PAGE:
Cajuns turn oil bust into tourism boom

Wildlife Gardens AlligatorHouma, Louisiana: April 17, 1986: Jimmy and Betty Provost, who live in the Gibson community about 20 miles northwest of here—just like their ancestors more than 200 years ago–have chosen to stand their ground and fight for their livelihood, as our current depressing and devastating economic downturn, known as the “oil bust,” threatens to crush so many of our futures here in the bayous of south Louisiana. We have largely depended on oil for jobs for the last three generations.  Now, those “good times” seem to be over.

Jimmy and Betty Provost

The Provosts have decided to make a living the old fashioned, ancestral way. They didn’t run for a job in another oil patch somewhere. They didn’t run to the government for handouts.  Instead, they rolled up their sleeves, reached deep in their souls for strength, and risked their entire family’s future on saving the past and living off the land, but not exactly in the same way as their ancestors.

The couple officially opened Wildlife Gardens, a nature preserve, bayou farm, and bed & breakfast, right in the middle of Bayou Black Swamp, at 5306 North Bayou Black Drive in the Gibson area, yesterday at noon, surrounded by all sizes of alligators, giant 150 pound alligator snapping turtles, deer, raccoons, muskrats and comfortable room accommodations on stilts out over the murky waters of the cypress swamp itself.

Jimmy, 44, who was a contractor dependant on the oil business, and Betty, 43, a housewife, had worked the swamp and the land around it as a hobby for themselves and their two children for 20 years but, now, they have turned it all into a unique family business.

Jimmy says, “We wanted to preserve this natural habitat, so our kids will never forget it and that people from the outside will never forget, either. We don’t want the bayou way of life to die.”

Betty believes strongly that “People come to south Louisiana—some people call it Arcadia or Cajun Country—but they come to see the swamps and bayous and see how we live.  It makes my heart swell with pride that I live like I do and that people are interested in seeing it.”

“No question,” Jimmy added, “The folk around here are real. We are all what we seem to be.  Nothing more. Nothing less. We’re real like the land.”

Betty shares a heartfelt relationship to the land and the swamp around it. “When people lose a connection to the earth—whether it is on a farm, or a ranch, or even a swamp—they lose a connection to life. People can’t lose contact with what grows without paying a dreadful price.”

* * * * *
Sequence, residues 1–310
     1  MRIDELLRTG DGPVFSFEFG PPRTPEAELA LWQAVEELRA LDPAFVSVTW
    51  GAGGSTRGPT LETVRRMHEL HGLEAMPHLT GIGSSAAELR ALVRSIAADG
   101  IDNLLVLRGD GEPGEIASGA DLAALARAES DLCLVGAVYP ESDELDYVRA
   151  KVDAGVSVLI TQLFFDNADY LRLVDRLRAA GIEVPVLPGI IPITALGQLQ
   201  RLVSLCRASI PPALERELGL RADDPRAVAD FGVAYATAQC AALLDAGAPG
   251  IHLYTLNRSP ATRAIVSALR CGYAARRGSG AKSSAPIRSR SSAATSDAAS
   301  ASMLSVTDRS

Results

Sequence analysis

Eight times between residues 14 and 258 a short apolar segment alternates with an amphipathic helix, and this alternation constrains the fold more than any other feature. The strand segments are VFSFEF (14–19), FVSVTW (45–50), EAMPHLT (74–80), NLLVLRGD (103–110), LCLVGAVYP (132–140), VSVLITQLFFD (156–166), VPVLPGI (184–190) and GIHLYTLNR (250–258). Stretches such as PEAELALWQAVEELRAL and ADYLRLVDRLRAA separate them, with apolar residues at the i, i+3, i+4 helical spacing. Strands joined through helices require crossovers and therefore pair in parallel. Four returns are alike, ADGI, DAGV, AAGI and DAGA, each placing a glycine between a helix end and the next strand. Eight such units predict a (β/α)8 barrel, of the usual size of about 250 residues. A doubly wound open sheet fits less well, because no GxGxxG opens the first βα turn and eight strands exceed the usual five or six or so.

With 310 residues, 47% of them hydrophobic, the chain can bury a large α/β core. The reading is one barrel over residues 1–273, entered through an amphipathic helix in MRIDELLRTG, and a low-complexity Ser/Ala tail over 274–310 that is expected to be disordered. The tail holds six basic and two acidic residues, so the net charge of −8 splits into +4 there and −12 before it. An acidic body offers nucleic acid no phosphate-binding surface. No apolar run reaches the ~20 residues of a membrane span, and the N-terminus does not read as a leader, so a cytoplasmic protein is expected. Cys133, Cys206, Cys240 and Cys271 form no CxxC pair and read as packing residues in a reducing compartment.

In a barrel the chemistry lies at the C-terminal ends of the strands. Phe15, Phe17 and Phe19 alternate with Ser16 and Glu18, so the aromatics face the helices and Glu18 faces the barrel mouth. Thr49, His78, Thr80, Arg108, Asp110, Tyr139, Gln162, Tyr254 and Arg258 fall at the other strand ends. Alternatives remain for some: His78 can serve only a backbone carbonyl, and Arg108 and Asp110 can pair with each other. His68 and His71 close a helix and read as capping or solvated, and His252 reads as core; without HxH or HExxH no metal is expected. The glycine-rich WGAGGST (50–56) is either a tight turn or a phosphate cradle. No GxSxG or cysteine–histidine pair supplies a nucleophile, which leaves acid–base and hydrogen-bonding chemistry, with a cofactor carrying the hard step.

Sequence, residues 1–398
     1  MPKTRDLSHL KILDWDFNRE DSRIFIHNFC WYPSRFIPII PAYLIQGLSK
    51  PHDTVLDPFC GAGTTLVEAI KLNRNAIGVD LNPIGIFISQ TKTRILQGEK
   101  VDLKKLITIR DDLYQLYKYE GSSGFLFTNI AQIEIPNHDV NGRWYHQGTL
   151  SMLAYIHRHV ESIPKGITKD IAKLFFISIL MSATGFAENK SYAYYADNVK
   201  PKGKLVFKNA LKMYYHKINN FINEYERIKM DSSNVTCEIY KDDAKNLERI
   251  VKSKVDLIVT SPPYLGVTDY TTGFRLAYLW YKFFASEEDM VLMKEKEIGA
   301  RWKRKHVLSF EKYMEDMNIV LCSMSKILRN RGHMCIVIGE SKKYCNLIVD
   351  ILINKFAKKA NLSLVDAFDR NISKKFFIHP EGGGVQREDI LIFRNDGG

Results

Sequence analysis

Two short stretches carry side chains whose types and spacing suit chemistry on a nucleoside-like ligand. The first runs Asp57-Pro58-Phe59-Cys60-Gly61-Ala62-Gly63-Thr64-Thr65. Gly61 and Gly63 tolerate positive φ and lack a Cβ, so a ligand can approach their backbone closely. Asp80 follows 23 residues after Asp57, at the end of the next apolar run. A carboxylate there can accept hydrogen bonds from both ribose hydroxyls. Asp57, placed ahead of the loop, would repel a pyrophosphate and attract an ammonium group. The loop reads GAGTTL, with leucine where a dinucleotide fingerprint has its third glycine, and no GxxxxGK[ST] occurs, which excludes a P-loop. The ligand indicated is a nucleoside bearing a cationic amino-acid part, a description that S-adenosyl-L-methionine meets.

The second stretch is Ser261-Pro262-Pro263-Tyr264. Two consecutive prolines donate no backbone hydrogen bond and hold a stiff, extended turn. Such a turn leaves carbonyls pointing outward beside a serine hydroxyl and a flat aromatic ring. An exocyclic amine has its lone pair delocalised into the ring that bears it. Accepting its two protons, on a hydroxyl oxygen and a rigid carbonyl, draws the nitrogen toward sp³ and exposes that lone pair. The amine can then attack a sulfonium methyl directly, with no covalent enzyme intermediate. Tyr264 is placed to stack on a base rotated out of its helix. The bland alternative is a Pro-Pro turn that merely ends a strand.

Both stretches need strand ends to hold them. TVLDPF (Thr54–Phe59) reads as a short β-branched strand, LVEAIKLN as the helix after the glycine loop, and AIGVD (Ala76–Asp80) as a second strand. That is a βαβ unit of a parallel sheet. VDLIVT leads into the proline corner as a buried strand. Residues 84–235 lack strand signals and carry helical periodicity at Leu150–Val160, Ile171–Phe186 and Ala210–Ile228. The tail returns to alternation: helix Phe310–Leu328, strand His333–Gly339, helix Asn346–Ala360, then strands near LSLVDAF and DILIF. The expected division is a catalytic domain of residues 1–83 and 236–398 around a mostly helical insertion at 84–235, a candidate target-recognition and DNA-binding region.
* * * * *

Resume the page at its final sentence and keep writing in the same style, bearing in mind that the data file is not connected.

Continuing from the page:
“City folk are connected to machines and buildings, not the land and things that grow.  I’m so sorry for that,” Betty said wistfully.

The French Arcadians, who were the first Europeans to settle this once remote area of North America some 240 years ago, alongside the native Houma Indians, were industrious, benevolent and thrifty people.  Jimmy, Betty and the kids now continue in those same traditions and with the same resolve as their ancestors in the exact place but in a much different time and a much different situation.

Update

During the “oil bust” in the 1980’s, 25 to 30 percent of the jobs in the bayou country of south Louisiana simply evaporated. The Provosts and all around them went through the equivalency of the Great Depression on a micro level. But, today, thanks to the resiliency of the Arcadians or the Cajuns or simply the people in this area—whatever one chooses to call them, unemployment is close to the lowest in the nation at about 7%.

Throughout the downturn and the relative upturn, the rustic Wildlife Gardens has operated continuously for nearly 25 years.  People have come from France, Germany, England, Canada, Mexico, and all over this country, to experience and enjoy what nature and the Provosts created.

Jimmy died in 1997 at age, 55, leaving Betty to operate Wildlife Gardens alone. She did. The couple had been married since they were teenagers. The loss.  The grief.  The time was difficult for Betty.  Reflecting on that period of her life and with a sad smile she told me:  “A woman is like a tea bag.  You never know how strong you are until you get into hot water.”

In 2003, Betty married Vernon Eschete, a remarkably knowledgeable man who gives the tours on the nature trail in his Arcadian dialect and is encyclopedic about the varied wildlife in the bayous, as well as south Louisiana’s rich history. 

Vernon says he “never met Jimmy, but if I had, I would have liked him. We believe in the same things.” So, now, Betty and Vernon continue the tradition begun by necessity more than a generation ago to ensure that the lifestyle of the people and the natural beauty of the swamps and bayous of south Louisiana remain an active part of Southern Memories for future generations to enjoy.

Wildlife Gardens website

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